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Old-time religion in new-fangled (sort of) Israel


One of the great things about having sabbatical in Israel in 2007 was the experience we had over and over of realizing Whoa! This place in mentioned in the Torah! They weren’t kidding us! Familiar names were everywhere, history laid out before us. Let me tell you specifically about my run-in with Mount Gerizim and Mount Eval, twin peaks mentioned at the beginning of this week’s Torah portion.

See, this day I set before you blessing and curse: blessing, if you listen to the commandments of YHWH your God that I command you this day; and curse, if you do not listen to the commandments of YHWH your God, but stray from the path, and follow after other gods who you don’t know. When YHWH your God brings you into the land that you are about to enter and possess, you shall pronounce the blessing at Mount Gerizim and the curse at Mount Eval.

(And, just for good measure, don’t forget to tear down their altars, smash their pillars, put their sacred posts to the fire, and cut down the images of their gods, obliterating their name from that site.)

My poem, If We Lived In This House, is an account of a day spent on Mount Gerizim, now squarely on the Palestinian side of the Green Line, with a lovely view across to Mount Eval and down into the valley where sits the city of Nablus.

Actually, this was our 2nd trip to Mount Gerizim. Our first time up was with Dror Etkes, former director of Peace Now’s Settlements Watch program. He was driving us around the West Bank – a story for another time – and suggested we have lunch with the Shomronim (Samaritans) who live on the mountain, having been relocated from / thrown out of Nablus, their home for centuries. Over lunch, we agreed to come back to see Passover celebrated on the mountain.

The Shomronim don’t recognize anything Jewish after the Babylonian exile (the Talmud, for starters). Their holy texts are not written in Hebrew; there was bad blood between the Israelites and the Samaritans back in the day.  Their modern Israeli identity cards list them as Jewish. They speak Hebrew or Arabic, depending on where they live and how old they are. Official estimates put their population at just over 700.

Each Passover, the mountaintop fills up with people who have come to see them celebrate the old fashioned way: by slaughtering dozens of lambs, dotting the fresh blood on their foreheads, and partaking of unleavened bread and bitter herbs. Thousands of people – many of whom are Israeli settlers and/or people who await the building of the Third Temple – sit in bleachers and stand on roofs enthralled by the goings-on, pointing to the knives and fire pits and doomed lambs. All of this happens in the shadow of Mount Eval, visible if you look in the right direction.

Bruce & I went up the mountain with Dror and his co-worker Hagit. We drove the road to Mount Gerizim, a narrow strip that passes through the West Bank and by the Hawarra checkpoint outside Nablus, after visiting with a Palestinian friend of Dror’s in a town whose name I can’t remember. There we drank tea and were gifted with freshly pressed olive oil and amazing pita bread. The day was surreal, filled with contradictions and confusion. The poem says it more succinctly than I can here. You’ll just have to read on.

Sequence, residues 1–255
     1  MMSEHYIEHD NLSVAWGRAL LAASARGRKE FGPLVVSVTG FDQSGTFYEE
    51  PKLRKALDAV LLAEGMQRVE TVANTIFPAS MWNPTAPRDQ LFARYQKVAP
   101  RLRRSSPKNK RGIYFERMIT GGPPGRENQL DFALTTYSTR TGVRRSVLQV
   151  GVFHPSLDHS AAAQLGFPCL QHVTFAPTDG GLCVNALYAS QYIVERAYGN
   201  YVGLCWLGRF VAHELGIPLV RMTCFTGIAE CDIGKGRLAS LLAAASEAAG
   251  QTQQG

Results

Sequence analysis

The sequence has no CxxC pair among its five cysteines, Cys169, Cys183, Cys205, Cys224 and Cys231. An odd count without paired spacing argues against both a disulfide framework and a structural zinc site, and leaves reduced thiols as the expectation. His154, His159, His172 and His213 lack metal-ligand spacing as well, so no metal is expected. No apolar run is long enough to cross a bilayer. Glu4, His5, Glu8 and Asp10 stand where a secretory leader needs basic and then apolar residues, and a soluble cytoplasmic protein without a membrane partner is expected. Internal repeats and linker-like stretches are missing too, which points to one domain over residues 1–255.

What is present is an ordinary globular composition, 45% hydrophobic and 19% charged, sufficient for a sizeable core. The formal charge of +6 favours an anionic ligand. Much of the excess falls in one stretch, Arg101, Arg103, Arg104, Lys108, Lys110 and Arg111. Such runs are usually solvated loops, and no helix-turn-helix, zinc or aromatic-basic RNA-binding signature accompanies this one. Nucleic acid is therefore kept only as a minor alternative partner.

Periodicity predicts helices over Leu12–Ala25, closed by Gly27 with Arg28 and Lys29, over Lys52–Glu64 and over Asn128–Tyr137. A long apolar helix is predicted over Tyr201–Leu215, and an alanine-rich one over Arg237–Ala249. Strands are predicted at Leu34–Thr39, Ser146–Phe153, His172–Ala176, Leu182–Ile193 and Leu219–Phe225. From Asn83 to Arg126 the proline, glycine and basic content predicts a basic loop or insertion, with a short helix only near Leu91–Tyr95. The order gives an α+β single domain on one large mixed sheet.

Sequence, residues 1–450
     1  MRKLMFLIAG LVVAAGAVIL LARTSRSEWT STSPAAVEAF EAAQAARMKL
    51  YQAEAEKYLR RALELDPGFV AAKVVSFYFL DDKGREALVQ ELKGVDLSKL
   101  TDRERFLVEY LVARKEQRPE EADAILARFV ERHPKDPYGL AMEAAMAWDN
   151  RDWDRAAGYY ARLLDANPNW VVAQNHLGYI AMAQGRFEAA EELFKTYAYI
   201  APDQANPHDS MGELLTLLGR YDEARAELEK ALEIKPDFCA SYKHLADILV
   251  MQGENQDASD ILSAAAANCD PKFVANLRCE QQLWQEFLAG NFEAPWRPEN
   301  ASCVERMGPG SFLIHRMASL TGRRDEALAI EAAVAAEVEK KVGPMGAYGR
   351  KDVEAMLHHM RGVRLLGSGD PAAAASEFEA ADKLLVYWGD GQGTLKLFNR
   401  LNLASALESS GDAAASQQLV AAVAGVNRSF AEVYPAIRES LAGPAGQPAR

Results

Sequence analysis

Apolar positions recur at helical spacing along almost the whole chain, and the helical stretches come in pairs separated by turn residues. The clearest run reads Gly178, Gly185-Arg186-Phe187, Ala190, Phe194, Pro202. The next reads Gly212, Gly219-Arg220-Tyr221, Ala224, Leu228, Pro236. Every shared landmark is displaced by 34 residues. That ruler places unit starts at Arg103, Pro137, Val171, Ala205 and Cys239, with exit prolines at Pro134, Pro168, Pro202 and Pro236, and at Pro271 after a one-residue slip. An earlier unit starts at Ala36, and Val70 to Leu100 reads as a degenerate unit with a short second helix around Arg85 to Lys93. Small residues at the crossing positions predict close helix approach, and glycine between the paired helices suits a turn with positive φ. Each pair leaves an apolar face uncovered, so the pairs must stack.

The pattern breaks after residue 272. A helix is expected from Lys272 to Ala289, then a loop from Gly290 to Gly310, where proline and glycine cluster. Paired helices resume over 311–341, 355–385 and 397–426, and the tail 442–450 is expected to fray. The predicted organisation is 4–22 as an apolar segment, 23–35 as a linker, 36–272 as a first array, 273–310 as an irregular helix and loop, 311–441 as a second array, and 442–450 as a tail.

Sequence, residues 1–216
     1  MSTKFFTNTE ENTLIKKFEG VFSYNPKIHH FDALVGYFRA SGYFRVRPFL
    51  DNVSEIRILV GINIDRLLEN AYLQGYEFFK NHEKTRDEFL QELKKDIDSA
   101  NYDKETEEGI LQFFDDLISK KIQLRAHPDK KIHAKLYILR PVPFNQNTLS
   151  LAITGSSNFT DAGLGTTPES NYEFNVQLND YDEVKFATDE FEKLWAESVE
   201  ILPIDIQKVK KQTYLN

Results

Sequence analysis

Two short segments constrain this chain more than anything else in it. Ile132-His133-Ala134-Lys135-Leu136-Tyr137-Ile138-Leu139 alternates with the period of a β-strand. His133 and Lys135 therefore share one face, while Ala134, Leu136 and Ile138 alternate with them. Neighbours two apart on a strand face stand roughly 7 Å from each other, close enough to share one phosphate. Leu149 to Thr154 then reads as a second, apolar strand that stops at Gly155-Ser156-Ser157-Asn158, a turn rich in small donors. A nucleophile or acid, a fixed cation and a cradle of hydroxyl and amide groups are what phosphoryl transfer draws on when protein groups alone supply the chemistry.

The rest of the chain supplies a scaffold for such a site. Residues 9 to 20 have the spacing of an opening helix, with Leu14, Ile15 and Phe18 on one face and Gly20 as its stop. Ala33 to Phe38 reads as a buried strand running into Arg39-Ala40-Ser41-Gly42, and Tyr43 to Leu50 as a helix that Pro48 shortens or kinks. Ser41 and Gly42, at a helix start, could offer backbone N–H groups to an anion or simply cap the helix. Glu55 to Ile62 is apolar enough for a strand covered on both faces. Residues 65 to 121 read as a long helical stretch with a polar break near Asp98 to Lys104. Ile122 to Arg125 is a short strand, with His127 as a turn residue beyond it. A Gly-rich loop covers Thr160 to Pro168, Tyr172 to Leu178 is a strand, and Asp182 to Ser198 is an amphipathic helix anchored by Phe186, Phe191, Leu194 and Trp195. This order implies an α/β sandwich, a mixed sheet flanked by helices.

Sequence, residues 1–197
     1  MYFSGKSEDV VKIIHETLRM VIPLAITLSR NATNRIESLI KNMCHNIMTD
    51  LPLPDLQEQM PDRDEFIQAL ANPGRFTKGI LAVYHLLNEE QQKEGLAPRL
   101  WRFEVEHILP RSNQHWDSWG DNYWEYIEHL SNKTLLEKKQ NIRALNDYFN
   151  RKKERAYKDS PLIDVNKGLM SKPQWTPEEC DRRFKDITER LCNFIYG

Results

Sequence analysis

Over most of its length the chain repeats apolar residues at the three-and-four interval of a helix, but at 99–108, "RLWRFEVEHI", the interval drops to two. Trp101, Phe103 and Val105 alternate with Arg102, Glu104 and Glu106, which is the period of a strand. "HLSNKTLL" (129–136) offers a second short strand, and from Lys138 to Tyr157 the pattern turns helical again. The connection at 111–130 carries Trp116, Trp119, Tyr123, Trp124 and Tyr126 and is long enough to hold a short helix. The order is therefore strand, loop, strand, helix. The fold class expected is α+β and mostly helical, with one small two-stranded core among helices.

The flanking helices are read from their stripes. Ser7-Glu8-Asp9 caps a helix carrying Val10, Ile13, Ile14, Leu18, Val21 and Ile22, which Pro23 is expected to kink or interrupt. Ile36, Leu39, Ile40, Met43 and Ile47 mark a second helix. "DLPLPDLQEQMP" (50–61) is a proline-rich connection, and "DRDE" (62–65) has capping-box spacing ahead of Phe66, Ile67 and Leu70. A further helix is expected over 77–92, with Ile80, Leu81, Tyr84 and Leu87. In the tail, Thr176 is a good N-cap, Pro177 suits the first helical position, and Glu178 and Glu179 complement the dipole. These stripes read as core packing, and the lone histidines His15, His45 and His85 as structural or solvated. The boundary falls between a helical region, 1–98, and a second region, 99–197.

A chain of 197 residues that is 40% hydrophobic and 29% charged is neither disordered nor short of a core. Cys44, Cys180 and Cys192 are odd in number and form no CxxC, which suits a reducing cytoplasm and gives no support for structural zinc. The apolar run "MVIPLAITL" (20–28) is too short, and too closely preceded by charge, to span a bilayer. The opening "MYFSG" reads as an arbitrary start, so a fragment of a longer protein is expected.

6 Comments leave one →
  1. Jim Ackerman permalink
    08/06/2010 11:49 am

    A lovely poem & meditation, Sue. I think that experience would make me a big schizophrenic!

    • sue swartz permalink*
      08/06/2010 11:51 am

      Schizophrenic – not so much. Confused and amused and thankful for poem material (and my friends).

  2. 08/09/2010 1:06 am

    Dude – I once smoked a nargila (the only time I ever smoked a nargila, now that I think of it) with Shomroni women on Har Gerizim. It was awesome!

    One of my other favorite memories of that day is hearing from one of the men how the fact that the women have this serious niddah by which they’re completely cut off from doing anything while they have their period means that the women get this monthly mini-vacation and they’re treated like queens — and like two seconds later hearing from a woman in the middle of her niddah time telling me that he was crazy, it’s like being in jail.

    Ah, the stories the menfolk sometimes tell themselves about us!

    • sue swartz permalink*
      08/09/2010 1:15 pm

      Yes, yes, and the stories we tell about the lives of others that we really would have no wish to live! That’s what I felt over and over that day on the mountain. Would all those right-wing settlers really want to get rid of their rabbis in favor of priests (with fabulous robes, no less)? Would they really want to honor Mount Gerizim instead of Jerusalem? Would they really give up a good 50% of the “modern” Jewish holidays? Really?

  3. Gabe Eisenstein permalink
    08/10/2010 10:25 am

    “Their holy texts are not written in Hebrew.”

    What you really meant was that, while in the Hebrew language, they are not written with the alphabet that is nowadays called”Hebrew” by most people. But their alphabet is the ORIGINAL Hebrew alphabet, while the one used by Jews is really the Aramaic alphabet, which gradually replaced the original after the Babylonian exile.
    Scholars do call the Samaritan alphabet “Hebrew” or sometimes “Paleo-Hebrew”.

    Enjoyed your post.

    • sue swartz permalink*
      08/10/2010 7:59 pm

      My bad. Thanks for this correction. You can see my biases.

      Hope you’ll stick around and continue to enjoy my ramblings.

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